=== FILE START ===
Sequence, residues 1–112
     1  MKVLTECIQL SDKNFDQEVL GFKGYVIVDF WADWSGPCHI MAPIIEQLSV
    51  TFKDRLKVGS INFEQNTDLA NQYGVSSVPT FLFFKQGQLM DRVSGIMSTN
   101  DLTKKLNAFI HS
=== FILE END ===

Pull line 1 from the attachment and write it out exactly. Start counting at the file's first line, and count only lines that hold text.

Sequence, residues 1–112